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Criteria for Reporting and Evaluating ecotoxicity Data (CRED): comparison and perception of the Klimisch and CRED methods for evaluating reliability and relevance of ecotoxicity studies

  • 1Email author,
  • 2,
  • 1 and
  • 3
Environmental Sciences EuropeBridging Science and Regulation at the Regional and European Level201628:7

https://doi.org/10.1186/s12302-016-0073-x

  • Received: 16 November 2015
  • Accepted: 4 February 2016
  • Published:

The Erratum to this article has been published in Environmental Sciences Europe 2016 28:11

Abstract

Background

The regulatory evaluation of ecotoxicity studies for environmental risk and/or hazard assessment of chemicals is often performed using the method established by Klimisch and colleagues in 1997. The method was, at that time, an important step toward improved evaluation of study reliability, but lately it has been criticized for lack of detail and guidance, and for not ensuring sufficient consistency among risk assessors.

Results

A new evaluation method was thus developed: Criteria for Reporting and Evaluating ecotoxicity Data (CRED). The CRED evaluation method aims at strengthening consistency and transparency of hazard and risk assessment of chemicals by providing criteria and guidance for reliability and relevance evaluation of aquatic ecotoxicity studies. A two-phased ring test was conducted to compare and characterize the differences between the CRED and Klimisch evaluation methods. A total of 75 risk assessors from 12 countries participated. Results show that the CRED evaluation method provides a more detailed and transparent evaluation of reliability and relevance than the Klimisch method. Ring test participants perceived it to be less dependent on expert judgement, more accurate and consistent, and practical regarding the use of criteria and time needed for performing an evaluation.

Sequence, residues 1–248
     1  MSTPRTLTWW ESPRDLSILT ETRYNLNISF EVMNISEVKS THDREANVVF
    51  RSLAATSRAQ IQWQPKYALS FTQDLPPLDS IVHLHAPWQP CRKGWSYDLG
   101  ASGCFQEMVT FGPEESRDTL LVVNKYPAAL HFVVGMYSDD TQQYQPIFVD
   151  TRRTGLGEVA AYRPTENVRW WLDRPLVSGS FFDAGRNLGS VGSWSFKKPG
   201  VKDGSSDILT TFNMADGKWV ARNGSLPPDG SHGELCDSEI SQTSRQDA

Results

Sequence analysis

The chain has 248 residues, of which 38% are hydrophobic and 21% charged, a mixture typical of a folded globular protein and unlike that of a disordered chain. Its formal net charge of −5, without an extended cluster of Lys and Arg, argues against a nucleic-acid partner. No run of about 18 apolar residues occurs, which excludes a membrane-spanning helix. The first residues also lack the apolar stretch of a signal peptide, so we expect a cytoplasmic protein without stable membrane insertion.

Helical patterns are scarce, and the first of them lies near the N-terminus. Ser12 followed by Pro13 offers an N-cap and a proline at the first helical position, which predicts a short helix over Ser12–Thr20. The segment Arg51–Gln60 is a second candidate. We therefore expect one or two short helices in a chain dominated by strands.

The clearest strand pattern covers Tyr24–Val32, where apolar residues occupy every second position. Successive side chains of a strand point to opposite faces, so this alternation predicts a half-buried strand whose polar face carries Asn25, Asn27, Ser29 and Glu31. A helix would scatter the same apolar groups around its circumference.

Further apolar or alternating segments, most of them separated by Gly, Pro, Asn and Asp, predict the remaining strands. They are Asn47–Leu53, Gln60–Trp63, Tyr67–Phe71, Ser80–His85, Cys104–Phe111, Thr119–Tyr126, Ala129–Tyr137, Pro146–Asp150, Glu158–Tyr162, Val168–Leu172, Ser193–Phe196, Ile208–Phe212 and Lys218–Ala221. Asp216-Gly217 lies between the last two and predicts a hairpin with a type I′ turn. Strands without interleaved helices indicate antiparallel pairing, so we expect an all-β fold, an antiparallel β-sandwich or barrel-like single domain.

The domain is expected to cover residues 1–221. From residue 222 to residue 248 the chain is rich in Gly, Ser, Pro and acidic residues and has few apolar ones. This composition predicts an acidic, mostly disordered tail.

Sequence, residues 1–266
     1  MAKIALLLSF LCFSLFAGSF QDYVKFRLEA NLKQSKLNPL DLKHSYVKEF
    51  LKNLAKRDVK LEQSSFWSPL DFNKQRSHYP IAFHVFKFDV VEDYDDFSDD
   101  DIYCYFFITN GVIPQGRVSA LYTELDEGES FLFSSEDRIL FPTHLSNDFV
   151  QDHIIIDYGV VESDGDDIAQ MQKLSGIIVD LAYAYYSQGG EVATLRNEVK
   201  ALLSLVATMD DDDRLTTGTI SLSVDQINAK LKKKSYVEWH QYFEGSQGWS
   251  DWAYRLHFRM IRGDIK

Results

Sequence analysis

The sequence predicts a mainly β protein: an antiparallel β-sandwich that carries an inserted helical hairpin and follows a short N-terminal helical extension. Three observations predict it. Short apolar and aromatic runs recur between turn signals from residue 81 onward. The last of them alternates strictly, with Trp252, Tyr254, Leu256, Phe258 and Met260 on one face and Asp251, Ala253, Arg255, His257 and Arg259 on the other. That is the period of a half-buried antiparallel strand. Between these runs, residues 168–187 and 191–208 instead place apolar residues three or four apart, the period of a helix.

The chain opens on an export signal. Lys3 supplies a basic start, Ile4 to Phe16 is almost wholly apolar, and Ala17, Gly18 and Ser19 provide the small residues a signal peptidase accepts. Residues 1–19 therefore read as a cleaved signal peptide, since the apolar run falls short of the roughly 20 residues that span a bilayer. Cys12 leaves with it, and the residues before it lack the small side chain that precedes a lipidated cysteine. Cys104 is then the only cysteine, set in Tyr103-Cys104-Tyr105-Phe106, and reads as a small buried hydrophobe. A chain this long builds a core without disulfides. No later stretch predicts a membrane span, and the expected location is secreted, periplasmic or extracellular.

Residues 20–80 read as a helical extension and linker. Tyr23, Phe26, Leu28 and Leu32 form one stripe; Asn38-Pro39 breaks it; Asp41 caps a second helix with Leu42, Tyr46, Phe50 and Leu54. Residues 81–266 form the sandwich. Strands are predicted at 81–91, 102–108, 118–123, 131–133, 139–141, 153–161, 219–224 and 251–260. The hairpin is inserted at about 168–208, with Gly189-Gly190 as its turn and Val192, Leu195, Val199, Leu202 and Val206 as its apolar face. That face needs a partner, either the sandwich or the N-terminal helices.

Conclusions

We conclude that the CRED evaluation method is a suitable replacement for the Klimisch method, and that its use may contribute to an improved harmonization of hazard and risk assessments of chemicals across different regulatory frameworks.

Keywords

  • Reliability evaluation
  • Relevance evaluation
  • Klimisch method
  • Hazard/risk assessment
  • Water quality criteria
  • Ecotoxicology

Background

The availability of reliable and relevant ecotoxicity data is a prerequisite for hazard and risk assessment of chemicals in regulatory frameworks, e.g., marketing authorization of plant production products [1], biocides [2], and human pharmaceuticals [3], and within the Water Framework Directive (WFD) [4] and REACH legislations [5]. In most of these frameworks, ecotoxicity studies used for risk assessment must undergo an evaluation of reliability and relevance, as described in detail in the REACH guidance. REACH defines reliability as “the inherent quality of a test report or publication relating to preferably standardized methodology and the way the experimental procedure and results are described to give evidence of the clarity and plausibility of the findings.” Relevance is defined as “the extent to which data and tests are appropriate for a particular hazard identification or risk characterisation” [5].